Marktl am Inn
On a gentle bend in the Inn River, some 60km southwest of Passau, sits the drowsy settlement of Marktl am Inn. Few people outside of Germany (or indeed Bavaria) had heard of it before 19 April 2005, the day when its favourite son, Cardinal Joseph Ratzinger, was elected Pope Benedict XVI.
Nestled in a cul-de-sac under snowcapped peaks, sleepily alluring Mittenwald, 20km southeast of Garmisch-Partenkirchen, is the most natural spot imaginable for a resort. Known far and wide for its master violin makers, the citizens of this drowsy village seem almost bemused by its popularity.
For a thousand years Freising was the spiritual and cultural epicentre of southern Bavaria. Now the nearest town to the airport, it's become something of a bedroom community for Munich but retains the feel of a traditional market town. In 1821 the bishop bowed to the inevitable and moved his seat to Munich.
When you've exhausted all possibilities in central Munich, the northern suburb of Schleissheim is well worth the short S-Bahn trip for its three elegant palaces and a high-flying aviation museum, a great way to entertain the kids on a rainy afternoon. To get to Schleissheim, take the S1 (direction Freising) to Oberschleissheim (€5.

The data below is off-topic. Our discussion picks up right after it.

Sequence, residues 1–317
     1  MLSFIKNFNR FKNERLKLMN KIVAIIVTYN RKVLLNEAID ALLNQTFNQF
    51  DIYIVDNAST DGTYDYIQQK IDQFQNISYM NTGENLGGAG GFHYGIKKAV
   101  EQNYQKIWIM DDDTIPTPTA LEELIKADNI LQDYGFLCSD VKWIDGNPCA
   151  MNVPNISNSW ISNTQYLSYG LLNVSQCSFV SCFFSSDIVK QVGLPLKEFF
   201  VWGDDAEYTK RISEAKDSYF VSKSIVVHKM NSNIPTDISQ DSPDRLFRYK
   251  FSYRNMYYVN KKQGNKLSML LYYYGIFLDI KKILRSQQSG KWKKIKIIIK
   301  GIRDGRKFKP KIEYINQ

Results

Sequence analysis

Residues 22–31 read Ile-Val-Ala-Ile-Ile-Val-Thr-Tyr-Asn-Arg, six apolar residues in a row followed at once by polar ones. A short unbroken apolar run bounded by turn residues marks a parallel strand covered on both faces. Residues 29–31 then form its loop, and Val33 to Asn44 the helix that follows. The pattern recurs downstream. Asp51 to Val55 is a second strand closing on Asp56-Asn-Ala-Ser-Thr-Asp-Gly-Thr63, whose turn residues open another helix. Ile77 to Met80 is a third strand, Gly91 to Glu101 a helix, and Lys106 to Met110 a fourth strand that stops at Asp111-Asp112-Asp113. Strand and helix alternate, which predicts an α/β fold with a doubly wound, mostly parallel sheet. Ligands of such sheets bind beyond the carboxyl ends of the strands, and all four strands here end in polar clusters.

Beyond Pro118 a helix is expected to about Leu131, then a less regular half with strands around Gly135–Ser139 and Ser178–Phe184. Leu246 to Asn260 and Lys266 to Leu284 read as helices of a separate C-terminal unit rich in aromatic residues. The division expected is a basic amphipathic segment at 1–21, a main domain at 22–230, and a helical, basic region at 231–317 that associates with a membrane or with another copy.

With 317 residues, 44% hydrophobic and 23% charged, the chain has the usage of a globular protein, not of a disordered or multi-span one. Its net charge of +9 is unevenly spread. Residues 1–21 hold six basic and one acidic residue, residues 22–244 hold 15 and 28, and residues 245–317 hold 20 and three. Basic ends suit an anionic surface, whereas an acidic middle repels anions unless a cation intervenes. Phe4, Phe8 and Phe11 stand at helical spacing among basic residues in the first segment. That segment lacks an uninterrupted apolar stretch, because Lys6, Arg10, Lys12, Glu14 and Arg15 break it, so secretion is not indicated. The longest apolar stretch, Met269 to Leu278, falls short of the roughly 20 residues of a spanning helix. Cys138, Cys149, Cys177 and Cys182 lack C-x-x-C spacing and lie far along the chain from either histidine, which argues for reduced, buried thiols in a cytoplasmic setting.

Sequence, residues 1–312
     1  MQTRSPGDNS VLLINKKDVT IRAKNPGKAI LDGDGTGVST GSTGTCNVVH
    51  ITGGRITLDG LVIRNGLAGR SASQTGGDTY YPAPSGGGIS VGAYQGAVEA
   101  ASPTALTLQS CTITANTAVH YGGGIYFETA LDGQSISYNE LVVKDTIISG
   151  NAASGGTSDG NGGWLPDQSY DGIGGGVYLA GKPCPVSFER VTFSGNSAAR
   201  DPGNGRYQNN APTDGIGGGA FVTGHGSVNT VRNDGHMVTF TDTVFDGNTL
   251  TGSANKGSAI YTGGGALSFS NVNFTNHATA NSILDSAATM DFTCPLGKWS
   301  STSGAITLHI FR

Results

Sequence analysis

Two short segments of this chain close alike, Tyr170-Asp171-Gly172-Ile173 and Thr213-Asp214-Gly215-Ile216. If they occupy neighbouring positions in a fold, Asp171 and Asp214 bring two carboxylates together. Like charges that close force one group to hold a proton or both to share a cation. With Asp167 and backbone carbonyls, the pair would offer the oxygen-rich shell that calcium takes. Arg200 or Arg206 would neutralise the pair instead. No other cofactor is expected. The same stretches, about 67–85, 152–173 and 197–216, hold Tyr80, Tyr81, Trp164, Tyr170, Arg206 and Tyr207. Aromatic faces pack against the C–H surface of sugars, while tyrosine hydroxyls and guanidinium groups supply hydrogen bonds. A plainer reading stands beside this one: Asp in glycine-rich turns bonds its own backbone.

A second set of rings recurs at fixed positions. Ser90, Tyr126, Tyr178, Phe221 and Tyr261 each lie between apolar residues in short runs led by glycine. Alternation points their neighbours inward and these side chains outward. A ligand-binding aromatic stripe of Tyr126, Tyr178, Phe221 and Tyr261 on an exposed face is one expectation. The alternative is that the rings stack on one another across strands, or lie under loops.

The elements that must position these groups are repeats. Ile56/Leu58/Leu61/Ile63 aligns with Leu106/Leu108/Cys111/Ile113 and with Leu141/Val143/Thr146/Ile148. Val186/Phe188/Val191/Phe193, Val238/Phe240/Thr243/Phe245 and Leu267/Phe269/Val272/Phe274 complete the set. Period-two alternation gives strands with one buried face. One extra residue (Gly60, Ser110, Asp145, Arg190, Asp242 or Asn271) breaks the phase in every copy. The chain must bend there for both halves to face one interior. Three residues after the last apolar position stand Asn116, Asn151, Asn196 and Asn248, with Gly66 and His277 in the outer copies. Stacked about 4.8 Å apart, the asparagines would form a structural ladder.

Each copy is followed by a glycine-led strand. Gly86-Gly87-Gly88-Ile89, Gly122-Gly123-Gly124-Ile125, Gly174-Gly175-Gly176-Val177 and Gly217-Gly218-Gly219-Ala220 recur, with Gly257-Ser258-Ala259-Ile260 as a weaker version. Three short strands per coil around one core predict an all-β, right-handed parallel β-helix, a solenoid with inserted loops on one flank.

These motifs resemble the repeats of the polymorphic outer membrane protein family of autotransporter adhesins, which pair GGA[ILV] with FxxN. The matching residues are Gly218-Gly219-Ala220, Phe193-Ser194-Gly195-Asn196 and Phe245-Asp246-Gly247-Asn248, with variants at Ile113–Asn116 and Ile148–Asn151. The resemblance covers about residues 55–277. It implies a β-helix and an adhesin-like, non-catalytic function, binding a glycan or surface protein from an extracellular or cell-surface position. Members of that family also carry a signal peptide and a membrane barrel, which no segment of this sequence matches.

Looming over the Wörnitz River, the medieval covered parapets, towers, turrets, keep and red-tiled roofs of the 12th-century Schloss Harburg are so perfectly preserved they almost seem like a film set. Tours tell the building's long tale and evoke the ghosts that are said to use the castle as a hang-out.
Known as ‘Wies’ for short, the Wieskirche is one of Bavaria’s best-known baroque churches and a Unesco-listed heritage site. About a million visitors a year flock to see this stuccoed wonder, the monumental work of the legendary artist brothers, Dominikus and Johann Baptist Zimmermann.
A pocket-sized trove of weird treasures, Schloss Linderhof was Ludwig II’s smallest but most sumptuous palace, and the only one he lived to see fully completed. Finished in 1878, the palace hugs a steep hillside in a fantasy landscape of French gardens, fountains and follies. The reclusive king used the palace as a retreat and hardly ever received visitors here.